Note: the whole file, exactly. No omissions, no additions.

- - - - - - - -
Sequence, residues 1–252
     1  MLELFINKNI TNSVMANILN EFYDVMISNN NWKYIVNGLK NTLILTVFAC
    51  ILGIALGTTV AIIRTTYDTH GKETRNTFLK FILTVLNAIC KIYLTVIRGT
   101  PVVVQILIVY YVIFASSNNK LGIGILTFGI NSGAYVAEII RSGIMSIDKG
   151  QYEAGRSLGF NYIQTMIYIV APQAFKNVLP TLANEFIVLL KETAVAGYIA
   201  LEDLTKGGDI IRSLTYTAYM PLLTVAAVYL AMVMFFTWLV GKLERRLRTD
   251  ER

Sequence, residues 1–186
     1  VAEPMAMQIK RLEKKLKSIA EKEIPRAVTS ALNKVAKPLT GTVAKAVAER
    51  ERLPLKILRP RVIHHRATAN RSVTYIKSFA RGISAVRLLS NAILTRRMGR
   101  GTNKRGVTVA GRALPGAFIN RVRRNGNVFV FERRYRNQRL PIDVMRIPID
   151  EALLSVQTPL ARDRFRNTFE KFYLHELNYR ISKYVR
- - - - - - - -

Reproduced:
Sequence, residues 1–252
     1  MLELFINKNI TNSVMANILN EFYDVMISNN NWKYIVNGLK NTLILTVFAC
    51  ILGIALGTTV AIIRTTYDTH GKETRNTFLK FILTVLNAIC KIYLTVIRGT
   101  PVVVQILIVY YVIFASSNNK LGIGILTFGI NSGAYVAEII RSGIMSIDKG
   151  QYEAGRSLGF NYIQTMIYIV APQAFKNVLP TLANEFIVLL KETAVAGYIA
   201  LEDLTKGGDI IRSLTYTAYM PLLTVAAVYL AMVMFFTWLV GKLERRLRTD
   251  ER

Sequence, residues 1–186
     1  VAEPMAMQIK RLEKKLKSIA EKEIPRAVTS ALNKVAKPLT GTVAKAVAER
    51  ERLPLKILRP RVIHHRATAN RSVTYIKSFA RGISAVRLLS NAILTRRMGR
   101  GTNKRGVTVA GRALPGAFIN RVRRNGNVFV FERRYRNQRL PIDVMRIPID
   151  EALLSVQTPL ARDRFRNTFE KFYLHELNYR ISKYVR